19,000 trafficked artifacts seized in worldwide busts

A massive joint international law enforcement effort has resulted in the arrest of 101 suspects in the traffic of antiquities and the recovery of more than 19,000 works of art and archaeological artifacts. The investigations involved Interpol, Europol, the World Customs Organization and national police forces from 103 countries all over the world, including Spain, Colombia, Romania, Argentina, Chile, Latvia, the Czech Republic, Afghanistan and Italy.

This intricate global cooperation launched 300 individual investigations in a coordinated crackdown that focused on taking down organized crime networks that loot archaeological sites and museums and pillage  war-torn countries.

Spanish police busted three traffickers and recovered precious objects smuggled out of Colombia. The most unique among them is a gold mask made by the Tumaco people on the Pacific coast near what is now the border between Colombia and Ecuador. They thrived in the area between the 1st century B.C. and 1st century A.D. and are renowned for their goldwork, especially their 3-dimension gold figurines made of sheet gold. Tumaco figurines and finely decorated jewelry were among the confiscated objects. Another nine suspects were arrested in the Spanish operation and Roman archaeological materials  — a carved limestone lion, a architectural frieze and three columns — recovered.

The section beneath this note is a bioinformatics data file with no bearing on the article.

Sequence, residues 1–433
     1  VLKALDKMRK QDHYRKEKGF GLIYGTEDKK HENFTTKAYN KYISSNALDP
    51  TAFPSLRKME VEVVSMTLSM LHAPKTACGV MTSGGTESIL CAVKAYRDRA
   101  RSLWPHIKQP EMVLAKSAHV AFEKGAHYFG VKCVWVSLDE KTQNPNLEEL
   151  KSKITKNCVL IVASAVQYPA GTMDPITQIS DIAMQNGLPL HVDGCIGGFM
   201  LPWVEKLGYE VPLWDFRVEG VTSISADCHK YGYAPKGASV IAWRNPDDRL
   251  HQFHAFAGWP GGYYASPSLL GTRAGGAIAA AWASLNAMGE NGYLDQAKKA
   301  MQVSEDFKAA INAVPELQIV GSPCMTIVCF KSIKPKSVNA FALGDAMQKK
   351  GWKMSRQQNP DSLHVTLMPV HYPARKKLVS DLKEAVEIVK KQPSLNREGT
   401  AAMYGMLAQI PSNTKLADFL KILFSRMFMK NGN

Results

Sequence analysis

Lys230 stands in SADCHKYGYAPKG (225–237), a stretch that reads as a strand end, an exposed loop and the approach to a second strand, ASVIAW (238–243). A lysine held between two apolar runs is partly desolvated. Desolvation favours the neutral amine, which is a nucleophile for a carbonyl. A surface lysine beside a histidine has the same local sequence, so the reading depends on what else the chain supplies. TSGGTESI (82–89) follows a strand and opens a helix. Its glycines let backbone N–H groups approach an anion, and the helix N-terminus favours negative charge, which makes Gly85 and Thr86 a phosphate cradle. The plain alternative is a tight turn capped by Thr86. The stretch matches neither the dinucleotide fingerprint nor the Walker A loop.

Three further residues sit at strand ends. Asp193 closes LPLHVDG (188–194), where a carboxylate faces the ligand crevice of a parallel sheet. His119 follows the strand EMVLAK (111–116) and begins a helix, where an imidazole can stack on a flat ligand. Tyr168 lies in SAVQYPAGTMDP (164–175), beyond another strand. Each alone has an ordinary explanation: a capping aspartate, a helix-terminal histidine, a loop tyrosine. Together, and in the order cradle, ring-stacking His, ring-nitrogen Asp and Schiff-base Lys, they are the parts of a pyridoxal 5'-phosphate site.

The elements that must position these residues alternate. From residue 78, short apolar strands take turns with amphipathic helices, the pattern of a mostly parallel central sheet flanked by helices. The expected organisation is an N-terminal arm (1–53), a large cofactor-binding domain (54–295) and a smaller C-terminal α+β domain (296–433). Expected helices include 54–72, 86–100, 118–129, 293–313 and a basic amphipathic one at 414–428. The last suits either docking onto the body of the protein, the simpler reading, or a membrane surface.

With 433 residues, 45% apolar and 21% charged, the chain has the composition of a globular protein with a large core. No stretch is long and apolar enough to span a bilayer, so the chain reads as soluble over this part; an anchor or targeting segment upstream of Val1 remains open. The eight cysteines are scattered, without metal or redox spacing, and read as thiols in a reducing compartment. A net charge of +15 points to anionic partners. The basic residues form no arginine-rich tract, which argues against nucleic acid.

While the busts were going down at Madrid’s Barajas airport and elsewhere in the country, police in Colombia worked the investigation on their end. Raids in Bogotá recovered another 242 pre-Columbian artifacts. It is the largest seizure of cultural patrimony objects in Colombia’s history.

In Argentina, the Federal Police Force seized 2,500 ancient coins by investigating one single online sale. The Latvian State Police took second place in the coin seizure stakes by confiscating 1,375 of them. Customs officers in Afghanistan intercepted and seized 971 cultural objects just before they were smuggled out of the country destined for Istanbul.

Law enforcement officers paid particular attention to the monitoring of online market places and sales sites, as the Internet is an important part of the illicit trade of cultural goods. […]

During what was called a ‘cyber patrol week’ and under the leadership of the Italian Carabinieri (Arma dei Carabinieri), police and customs experts along with Europol, INTERPOL and the WCO mapped active targets and developed intelligence packages. As a result, 8,670 cultural objects for online sale were seized. This represents 28% of the total number of artefacts recovered during this international crackdown.

“The number of arrests and objects show the scale and global reach of the illicit trade in cultural artefacts, where every country with a rich heritage is a potential target,” said INTERPOL Secretary General Jürgen Stock. “If you then take the significant amounts of money involved and the secrecy of the transactions, this also presents opportunities for money laundering and fraud as well as financing organized crime networks,” added the INTERPOL Chief.

“Organized crime has many faces. The trafficking of cultural goods is one of them: it is not a glamorous business run by flamboyant gentlemen forgers, but by international criminal networks. You cannot look at it separately from combating trafficking in drugs and weapons: we know that the same groups are engaged, because it generate big money. Given that this is a global phenomenon affecting every country on the planet – either as a source, transit or destination, it is crucial that Law Enforcement all work together to combat it. Europol, in its role as the European Law Enforcement Agency, supported the EU countries involved in this global crackdown by using its intelligence capabilities to identify the pan-European networks behind these thefts,” said Catherine de Bolle, Europol’s Executive Director.